Originally published in the College Voice at Connecticut College.
I don’t think about chapstick very often. Or umbrellas, or chewing gum. When I do think about them, it’s in moments of immediate need. These things have in common a crippling irreplaceability—when you need it, you need it. Morisette wrote, “It’s like ten thousand spoons, when all you need is a knife,” and under such circumstances, nothing could be more ironic.
There’s no substance in the world like lip balm to save your raw, red lips from your own fruitless licking, and no half-hearted newspaper hat can replace a nylon shield like the ones darting around in a downpour. Likewise, in a 7 PM class on stir-fry night, or anywhere after a tuna sandwich, breath repair must be constant—eviscerating. A Tic Tac, six Tic Tacs, just won’t cut it.
Chapstick, umbrellas, and chewing gum are tiny insurance policies against exponentially chapping lips, torrential wetness, and unconscionably bad breath: the Discomfort Trifecta. I have a designated chapstick pocket in my favorite jacket (front left), as well as a gum pocket when I have a pack (inside right). I don’t own an umbrella, either as a result of or coincidental with the fact that I can’t fit one in a pocket. Of course, in spite of such precautionary pocketing, everyone finds himself without one or all of these things at some point. What then? Short of running out and buying something, it seems obvious to ask someone.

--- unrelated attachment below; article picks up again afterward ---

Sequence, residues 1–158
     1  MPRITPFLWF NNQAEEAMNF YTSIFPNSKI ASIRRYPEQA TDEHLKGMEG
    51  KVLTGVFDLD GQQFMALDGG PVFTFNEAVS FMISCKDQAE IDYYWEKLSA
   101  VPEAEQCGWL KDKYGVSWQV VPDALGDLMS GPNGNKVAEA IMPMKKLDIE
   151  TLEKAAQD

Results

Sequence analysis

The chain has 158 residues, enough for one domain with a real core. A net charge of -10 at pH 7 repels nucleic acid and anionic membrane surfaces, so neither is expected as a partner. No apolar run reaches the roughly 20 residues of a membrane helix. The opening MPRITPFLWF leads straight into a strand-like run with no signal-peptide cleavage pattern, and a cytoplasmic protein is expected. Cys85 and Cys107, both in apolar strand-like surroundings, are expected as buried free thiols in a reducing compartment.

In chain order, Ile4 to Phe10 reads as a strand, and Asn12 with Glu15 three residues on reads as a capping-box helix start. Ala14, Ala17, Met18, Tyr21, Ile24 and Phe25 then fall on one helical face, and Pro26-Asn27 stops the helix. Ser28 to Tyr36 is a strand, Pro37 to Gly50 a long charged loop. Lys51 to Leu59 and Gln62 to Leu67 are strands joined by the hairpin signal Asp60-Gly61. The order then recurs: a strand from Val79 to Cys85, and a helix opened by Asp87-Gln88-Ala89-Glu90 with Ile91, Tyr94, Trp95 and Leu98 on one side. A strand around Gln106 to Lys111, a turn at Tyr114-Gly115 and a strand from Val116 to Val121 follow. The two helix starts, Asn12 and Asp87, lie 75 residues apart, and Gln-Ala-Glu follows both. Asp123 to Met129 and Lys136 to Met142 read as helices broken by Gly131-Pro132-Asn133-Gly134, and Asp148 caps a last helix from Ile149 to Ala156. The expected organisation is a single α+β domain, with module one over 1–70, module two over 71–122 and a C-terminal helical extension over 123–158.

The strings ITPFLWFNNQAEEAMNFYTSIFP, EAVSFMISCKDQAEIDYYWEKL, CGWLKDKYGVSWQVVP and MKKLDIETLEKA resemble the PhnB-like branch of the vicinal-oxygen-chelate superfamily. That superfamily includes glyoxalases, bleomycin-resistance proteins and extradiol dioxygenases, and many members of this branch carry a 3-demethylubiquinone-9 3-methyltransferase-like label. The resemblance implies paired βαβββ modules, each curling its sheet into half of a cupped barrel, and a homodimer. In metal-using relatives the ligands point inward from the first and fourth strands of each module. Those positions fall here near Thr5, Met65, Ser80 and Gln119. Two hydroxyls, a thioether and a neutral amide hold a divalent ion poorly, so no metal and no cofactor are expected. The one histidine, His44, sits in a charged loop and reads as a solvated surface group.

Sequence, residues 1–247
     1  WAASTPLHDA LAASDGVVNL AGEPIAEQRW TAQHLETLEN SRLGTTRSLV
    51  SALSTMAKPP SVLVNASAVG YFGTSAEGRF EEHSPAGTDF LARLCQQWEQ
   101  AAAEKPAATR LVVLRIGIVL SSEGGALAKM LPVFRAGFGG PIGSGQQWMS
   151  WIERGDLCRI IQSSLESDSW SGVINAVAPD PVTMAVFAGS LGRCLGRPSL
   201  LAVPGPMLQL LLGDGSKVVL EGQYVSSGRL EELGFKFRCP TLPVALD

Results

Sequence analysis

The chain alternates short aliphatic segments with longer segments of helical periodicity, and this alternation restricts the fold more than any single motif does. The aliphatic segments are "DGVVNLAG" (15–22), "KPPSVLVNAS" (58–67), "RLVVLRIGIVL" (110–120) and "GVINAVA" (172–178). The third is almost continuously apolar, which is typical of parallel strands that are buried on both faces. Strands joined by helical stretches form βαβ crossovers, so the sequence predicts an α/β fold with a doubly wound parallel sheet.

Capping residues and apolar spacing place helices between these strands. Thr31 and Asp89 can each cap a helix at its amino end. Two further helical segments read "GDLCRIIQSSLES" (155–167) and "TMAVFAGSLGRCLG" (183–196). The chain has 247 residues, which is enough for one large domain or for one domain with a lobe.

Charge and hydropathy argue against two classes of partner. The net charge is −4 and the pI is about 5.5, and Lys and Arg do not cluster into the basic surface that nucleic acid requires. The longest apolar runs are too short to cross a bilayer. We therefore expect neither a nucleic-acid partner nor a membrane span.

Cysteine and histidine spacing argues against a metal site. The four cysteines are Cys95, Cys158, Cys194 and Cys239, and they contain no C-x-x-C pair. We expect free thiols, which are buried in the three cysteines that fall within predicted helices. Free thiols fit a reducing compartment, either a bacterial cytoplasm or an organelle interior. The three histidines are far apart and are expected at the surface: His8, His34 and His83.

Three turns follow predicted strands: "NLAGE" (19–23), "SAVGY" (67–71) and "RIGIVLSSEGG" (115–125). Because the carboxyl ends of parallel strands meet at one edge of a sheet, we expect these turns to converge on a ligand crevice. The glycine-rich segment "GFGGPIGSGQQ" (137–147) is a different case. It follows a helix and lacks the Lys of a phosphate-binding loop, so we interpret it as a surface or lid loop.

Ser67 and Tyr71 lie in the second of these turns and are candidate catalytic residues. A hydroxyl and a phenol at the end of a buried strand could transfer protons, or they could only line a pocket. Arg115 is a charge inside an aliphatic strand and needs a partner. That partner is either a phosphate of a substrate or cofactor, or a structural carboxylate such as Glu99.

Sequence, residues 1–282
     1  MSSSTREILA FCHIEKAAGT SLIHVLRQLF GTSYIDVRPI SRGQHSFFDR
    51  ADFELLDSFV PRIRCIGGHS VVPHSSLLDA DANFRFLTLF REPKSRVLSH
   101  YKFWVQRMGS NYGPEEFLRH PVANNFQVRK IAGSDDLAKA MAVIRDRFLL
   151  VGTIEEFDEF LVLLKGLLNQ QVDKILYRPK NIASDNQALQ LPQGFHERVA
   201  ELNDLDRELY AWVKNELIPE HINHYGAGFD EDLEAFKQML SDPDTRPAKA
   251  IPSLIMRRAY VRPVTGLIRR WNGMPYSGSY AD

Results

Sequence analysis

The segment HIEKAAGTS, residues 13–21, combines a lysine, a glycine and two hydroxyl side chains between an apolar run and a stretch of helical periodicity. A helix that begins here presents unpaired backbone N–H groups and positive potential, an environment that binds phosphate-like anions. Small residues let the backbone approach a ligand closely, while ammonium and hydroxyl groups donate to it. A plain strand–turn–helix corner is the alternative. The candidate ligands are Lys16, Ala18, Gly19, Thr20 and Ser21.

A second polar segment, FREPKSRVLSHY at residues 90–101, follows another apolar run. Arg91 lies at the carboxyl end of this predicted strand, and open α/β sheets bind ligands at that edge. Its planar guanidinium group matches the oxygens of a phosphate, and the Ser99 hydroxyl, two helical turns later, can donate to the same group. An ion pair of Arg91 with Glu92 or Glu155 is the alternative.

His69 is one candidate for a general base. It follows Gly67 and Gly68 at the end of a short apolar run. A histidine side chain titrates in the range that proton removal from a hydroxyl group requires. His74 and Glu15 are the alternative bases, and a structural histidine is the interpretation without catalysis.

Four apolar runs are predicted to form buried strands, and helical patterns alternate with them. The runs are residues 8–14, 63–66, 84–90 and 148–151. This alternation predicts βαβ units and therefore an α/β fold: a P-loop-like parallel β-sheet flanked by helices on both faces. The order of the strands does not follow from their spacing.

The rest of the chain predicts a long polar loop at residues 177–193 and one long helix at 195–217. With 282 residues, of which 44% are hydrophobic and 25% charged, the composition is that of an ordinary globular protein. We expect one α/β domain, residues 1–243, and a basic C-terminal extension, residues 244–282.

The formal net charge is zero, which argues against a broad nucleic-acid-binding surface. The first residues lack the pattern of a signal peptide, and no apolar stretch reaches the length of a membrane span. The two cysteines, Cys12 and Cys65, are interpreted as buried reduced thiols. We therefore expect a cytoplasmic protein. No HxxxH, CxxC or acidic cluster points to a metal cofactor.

Simple though it seems, this sort of favor-asking is more serious than bumming a cigarette.
The rain this week convinced me on several occasions to wear a raincoat instead of my fully-loaded pea coat, and indeed, even as I type this, I sit stranded and chap-lipped a library computer. Why not move your chapstick to a pocket in your raincoat? you ask, dear Reader. In the day-to-day shuffle between pairs of pants and outerwear, wallets and purses, each of us has at some point sought an ID, a few dollars, a CVS card, and been stricken with a case of “it’s in my other ______.” I often hesitate to disrupt the established order of my clothing and its contents.
In my current state, having foolishly changed jackets, I know only a few people can help me. I call them my “chapstick circle” (not to their faces, of course). They’re people on whom I know I can count for just these sorts of crises – people with their own chapstick pockets, who fear breathing garlic bagel on unsuspecting hotties, and who don’t mind one wet shoulder beyond the purview of an umbrella for the sake of my dryness.
Friends like this are fewer and farther between than they appear, especially at Conn, where some acquaintance of yours is at every third table in Harris, and any given floor party rages outside the room of a friend of a friend. Jungle juice is cheap, and so is the chit-chat that comes with it.
Perhaps there are concentric circles of generosity, spiraling out from a six-pack of Beck’s Dark Bier to Burt’s Bees Pomegranate lip balm to loose-leaf notebook paper. Maybe one of the challenges of small campus life is navigating the boundaries of these circles – some of it is learning who to trust; some of it is being aware of the circles you build in four years. Mostly, though, it’s about knowing what it means when you find yourself under half an umbrella.